The Philadelphia Housing Authority, Philadelphia’s public housing agency, owns and operates over 14K affordable housing units in the city, most of which are located in large affordable housing developments. About 6,100 properties owned by PHA are not in these developments, but are scattered among different neighborhoods throughout Philadelphia. Of those 6,100 properties, only about two-thirds are occupied or fit for habitation, with the remainder being houses in need of significant repair, or vacant lots. So if our math is correct, PHA is currently sitting on about 2,100 blighted properties or vacant lots, and doesn’t appear to have the money or the resources to improve them at this time.

For example

And another

Now for some good news: For the first time in its history, PHA will be auctioning off a portion of its inventory to the public! On November 16th at 1PM, Max Spann Real Estate and Auction Company will auction off 400 PHA properties. Some of the properties will be sold individually, and others will be sold in bundles, for medium and large sized developers. Unfortunately, these properties will be largely out of reach for regular folks, who would struggle mightily to get a mortgage for a blighted property or a vacant lot.

Press conference on the 3000 block of Cambridge St.

At the press conference today, Michael Kelly of PHA, Councilman Darrell Clarke, State Rep Michelle Brown and auctioneer Max Spann spoke of neighborhood transformation and a new direction for the PHA scattered site program. They spoke at a lectern on the 3000 block of Cambridge St., just below Brewerytown, a block where five PHA owned properties will be auctioned off next month. This block, located in a desirable area and seemingly full of neighbors who care about their street, has been held back by boarded-up homes owned by PHA. With the auction on the way, the future here is bright, but we’re left wondering what took so long. Oh yeah, this guy probably didn’t help.

Looking down the block

One of the blighted houses

And two more

We applaud PHA for going in a new direction and divesting itself of properties that it can’t afford to maintain or redevelop. We understand that there are serious legal and bureaucratic hoops that PHA had to jump through to get to this point, particularly with HUD, and we’re thrilled that the leadership at PHA has had the patience and the energy to make it happen.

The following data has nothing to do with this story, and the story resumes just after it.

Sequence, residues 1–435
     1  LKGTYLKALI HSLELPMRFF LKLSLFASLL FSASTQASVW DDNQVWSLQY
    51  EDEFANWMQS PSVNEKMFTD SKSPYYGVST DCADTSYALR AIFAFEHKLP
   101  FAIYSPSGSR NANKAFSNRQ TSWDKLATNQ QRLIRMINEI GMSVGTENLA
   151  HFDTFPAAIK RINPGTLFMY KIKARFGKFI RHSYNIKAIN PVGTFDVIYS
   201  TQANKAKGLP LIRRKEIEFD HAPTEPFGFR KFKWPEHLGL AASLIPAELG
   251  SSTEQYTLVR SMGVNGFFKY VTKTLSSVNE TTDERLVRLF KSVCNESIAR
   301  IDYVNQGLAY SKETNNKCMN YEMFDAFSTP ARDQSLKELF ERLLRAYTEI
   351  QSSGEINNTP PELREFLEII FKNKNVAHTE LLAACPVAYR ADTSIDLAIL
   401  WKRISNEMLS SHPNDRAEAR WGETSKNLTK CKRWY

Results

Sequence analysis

We do, however, have two concerns.

1) Exactly how was the auction list determined? Take a look at a map of most of the properties being sold:

A fairly concentrated mass

The concentration of homes in one area jumps out at you. And the lack of homes for sale in other neighborhoods is quickly apparent as well. Only one property is for sale in Point Breeze. One in Pennsport. One in Fishtown. A handful in Kensington. A handful in Brewerytown. A few in Fairmount. And none in Graduate Hospital. Almost all of the properties being sold are in North Philadelphia, in neighborhoods where developers will only pay bottom dollar. Why not sell off the dozens in Point Breeze? In Kensington? Surely there must be more in Brewerytown? At the press conference, we were told that the proceeds from the auction would be directed back into the scattered site program- but what if most of the properties sold don’t generate any proceeds? What is no one wants to purchase those houses at any price?

Which brings us to our other concern.

2) What’s going to happen to the other 1,700 properties? Mr. Kelly indicated that PHA is ready to sell an additional 700 of these properties, and then redevelop the remaining 1,000. He also expressed that PHA’s plan will be reevaluated after the November auction to see about next steps. But what if PHA can’t profit from the sale of numerous properties, and the November auction is a bust? Will 700 more properties still sell or will the whole concept be reconsidered?

Also, Mr. Kelly communicated that neighborhood groups and CDC’s would have an opportunity to purchase PHA lots or buildings outside of the auction process. Now, based on what we know about certain neighborhood groups, shouldn’t we be a little concerned about this? Or is this an overreaction?

One thing is for sure, it will be very interesting indeed to see how this all unfolds. We’ll be watching.

For a list of properties being auctioned off, click here.